Vibration attenuation in magnetic transmission

| Manufacturing

Magnetically controlled variable transmission

Andy Pye discovers how vibration attenuation can be achieved in a magnetically controlled variable transmission.

Magnomatics is a high-technology company formed in 2006 as a spin out from the University of Sheffield. The company specialises in the development of advanced magnetic transmission systems and high-torque electrical machines.

The company is commercialising novel products based upon highly efficient proprietary magnetic gear technology and is working with some of the world’s largest multinationals from a range of industries, including automotive, renewable energy, rail, aerospace, marine, and oil and gas.

Magnetic gears are contactless and therefore very efficient over a broad range of speeds. They are compact and also incorporate a torque fuse feature. They are especially suited to high torque, low speed applications and can also be adapted into a continuously variable hybrid transmission and power split device for automotive applications.

The MagSplit (Magnetically Controlled Variable Transmission) is a highly efficient electrically controlled power split device that can achieve a continuous range of gear ratios to match a fixed speed prime-mover to a variable load. It is used to ensure that the engine is operating at its maximum efficiency at any point in the drive cycle. It is also compact and can filter torsional vibrations from the engine, eliminating the need for torsional dampers.

The MagSplit differs from existing three-rotor power split systems, such as those in the Toyota and Ford product range, as it is a two-rotor system (input/output) with an entirely magnetic variator function. Variable speed mechanical output with a fixed input mechanical speed is achieved by exporting/importing electrical power through a set of control windings – splitting the power along a “variator” path.

With the outer PM control rotor held static, the magnetic gear has an intrinsic fixed ratio gear. By controlling the current flow through the stator control windings, the rotational speed of the PM control rotor is varied and hence the gear ratio can be controlled over a broad range about the intrinsic ratio by varying the speed of the outer array of magnets which become the high speed element of the gear. Through this speed control, the MagSplit is also capable of fully disconnecting the output drive. This is much simpler than using a mechanical planetary system where the speed of the sun gear must be controlled.

Aachen Acoustics Colloquium is one of the most important centres for development and research in automotive acoustics. The Colloquium takes place once a year and particularly addresses the latest methods and technologies in the fields of acoustics and vibrations of vehicles and drives.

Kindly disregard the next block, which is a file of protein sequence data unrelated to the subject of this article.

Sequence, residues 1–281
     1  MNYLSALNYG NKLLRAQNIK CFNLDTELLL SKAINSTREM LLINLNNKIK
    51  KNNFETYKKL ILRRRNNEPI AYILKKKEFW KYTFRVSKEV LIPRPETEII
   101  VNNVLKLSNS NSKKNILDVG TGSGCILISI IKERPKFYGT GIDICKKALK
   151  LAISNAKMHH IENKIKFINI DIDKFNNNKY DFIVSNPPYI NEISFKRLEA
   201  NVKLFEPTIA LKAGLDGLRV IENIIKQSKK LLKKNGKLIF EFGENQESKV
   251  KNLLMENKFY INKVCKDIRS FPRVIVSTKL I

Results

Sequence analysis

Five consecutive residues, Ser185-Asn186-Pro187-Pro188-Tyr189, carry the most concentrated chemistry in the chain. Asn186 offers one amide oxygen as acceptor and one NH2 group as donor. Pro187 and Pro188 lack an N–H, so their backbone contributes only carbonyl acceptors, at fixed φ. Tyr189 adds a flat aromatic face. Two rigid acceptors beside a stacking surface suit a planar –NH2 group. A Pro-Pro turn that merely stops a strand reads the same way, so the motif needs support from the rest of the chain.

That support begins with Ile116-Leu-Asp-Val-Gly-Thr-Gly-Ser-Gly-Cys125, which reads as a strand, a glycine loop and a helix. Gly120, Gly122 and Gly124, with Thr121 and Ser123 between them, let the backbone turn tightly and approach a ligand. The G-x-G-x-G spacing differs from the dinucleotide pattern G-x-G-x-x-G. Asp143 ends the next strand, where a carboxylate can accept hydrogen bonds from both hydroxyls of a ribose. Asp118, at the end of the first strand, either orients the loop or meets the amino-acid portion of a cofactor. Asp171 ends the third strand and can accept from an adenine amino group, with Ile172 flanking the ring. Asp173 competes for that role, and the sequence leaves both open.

During the Colloquium, Magnomatics presented a whitepaper entitled, ‘High Bandwidth Drivetrain Vibration Attenuation Using Electromagnetic Powersplit Transmission’, written by Stuart Calverley, Jeff Birchall and David Black, which outlines the performance of the company’s magnetic powersplit (MagSplit) system as a filter for torsional vibration.

The whitepaper reports on recent project work to demonstrate the significant reductions in drive train noise, vibration and harshness (NVH) inherent in a Magnomatics magnetic transmission system. Substantial system cost savings are validated by deleting incumbent vibration control components in conventional drivetrains.

During the course of this development at Magnomatics, a significant breakthrough has been achieved, whereby the unique properties of the MagSplit, and specifically the magnetic variator, were used to give near 100% attenuation of torsional vibration. This was measured on a custom-made dynamometer system with a synthesised vibration input. This is an unusually important result, since when exploited it will mean that the Magsplit will provide significant technical and commercial benefits, perhaps mounting to as much as $200 per vehicle, as a result of removing the Dual Mass Flywheel (DMF).

The engine test methodology currently under development involves coupling the engine operation with the Magsplit and to develop the prototype control methods and calibration techniques required to confirm that the DMF can indeed be deleted and the attendant benefits realised.

Latest posts by Andy Pye (see all)

About Andy Pye

Andy Pye is a graduate of Cambridge University and has had a high profile career in the technical press as well as being a pioneer in web publishing.

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